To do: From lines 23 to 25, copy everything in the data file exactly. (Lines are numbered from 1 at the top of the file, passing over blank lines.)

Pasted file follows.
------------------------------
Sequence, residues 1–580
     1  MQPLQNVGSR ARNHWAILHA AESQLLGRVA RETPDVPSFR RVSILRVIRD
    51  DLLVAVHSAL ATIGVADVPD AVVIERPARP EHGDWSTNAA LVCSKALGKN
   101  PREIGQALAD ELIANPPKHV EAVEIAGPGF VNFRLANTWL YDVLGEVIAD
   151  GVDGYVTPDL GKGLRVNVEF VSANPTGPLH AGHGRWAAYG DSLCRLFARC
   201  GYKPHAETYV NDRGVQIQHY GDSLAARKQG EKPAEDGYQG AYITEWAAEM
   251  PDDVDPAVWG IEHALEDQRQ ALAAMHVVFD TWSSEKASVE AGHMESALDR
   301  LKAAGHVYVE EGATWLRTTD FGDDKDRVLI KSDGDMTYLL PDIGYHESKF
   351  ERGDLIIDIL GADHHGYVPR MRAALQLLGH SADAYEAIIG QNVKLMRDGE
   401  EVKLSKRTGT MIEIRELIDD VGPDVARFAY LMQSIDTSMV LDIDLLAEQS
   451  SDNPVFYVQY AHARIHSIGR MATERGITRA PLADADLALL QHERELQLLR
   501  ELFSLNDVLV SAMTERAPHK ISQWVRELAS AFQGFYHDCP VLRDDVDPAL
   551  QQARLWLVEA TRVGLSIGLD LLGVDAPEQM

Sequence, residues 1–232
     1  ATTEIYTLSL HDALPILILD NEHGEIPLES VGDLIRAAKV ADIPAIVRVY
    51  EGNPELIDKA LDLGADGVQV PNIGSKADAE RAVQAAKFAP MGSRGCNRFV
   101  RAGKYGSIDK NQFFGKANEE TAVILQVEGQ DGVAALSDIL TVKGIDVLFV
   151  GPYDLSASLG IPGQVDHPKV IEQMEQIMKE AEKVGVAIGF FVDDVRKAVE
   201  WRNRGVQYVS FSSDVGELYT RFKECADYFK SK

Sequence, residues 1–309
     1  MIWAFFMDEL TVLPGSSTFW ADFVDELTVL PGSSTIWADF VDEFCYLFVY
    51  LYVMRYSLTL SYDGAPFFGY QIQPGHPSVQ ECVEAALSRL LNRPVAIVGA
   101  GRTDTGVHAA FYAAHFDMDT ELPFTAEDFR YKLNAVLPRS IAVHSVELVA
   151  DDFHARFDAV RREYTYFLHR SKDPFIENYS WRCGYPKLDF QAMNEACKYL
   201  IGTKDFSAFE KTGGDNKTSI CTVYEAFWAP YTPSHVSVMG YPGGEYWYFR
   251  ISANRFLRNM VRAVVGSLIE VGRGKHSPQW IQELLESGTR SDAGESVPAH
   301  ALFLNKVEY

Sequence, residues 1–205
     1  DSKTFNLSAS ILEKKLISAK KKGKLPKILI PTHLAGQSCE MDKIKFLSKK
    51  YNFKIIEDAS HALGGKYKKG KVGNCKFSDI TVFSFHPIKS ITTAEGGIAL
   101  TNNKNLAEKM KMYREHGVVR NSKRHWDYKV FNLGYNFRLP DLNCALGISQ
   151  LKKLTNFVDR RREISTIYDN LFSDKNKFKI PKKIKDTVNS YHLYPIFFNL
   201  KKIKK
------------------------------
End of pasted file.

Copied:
   101  GRTDTGVHAA FYAAHFDMDT ELPFTAEDFR YKLNAVLPRS IAVHSVELVA
   151  DDFHARFDAV RREYTYFLHR SKDPFIENYS WRCGYPKLDF QAMNEACKYL
   201  IGTKDFSAFE KTGGDNKTSI CTVYEAFWAP YTPSHVSVMG YPGGEYWYFR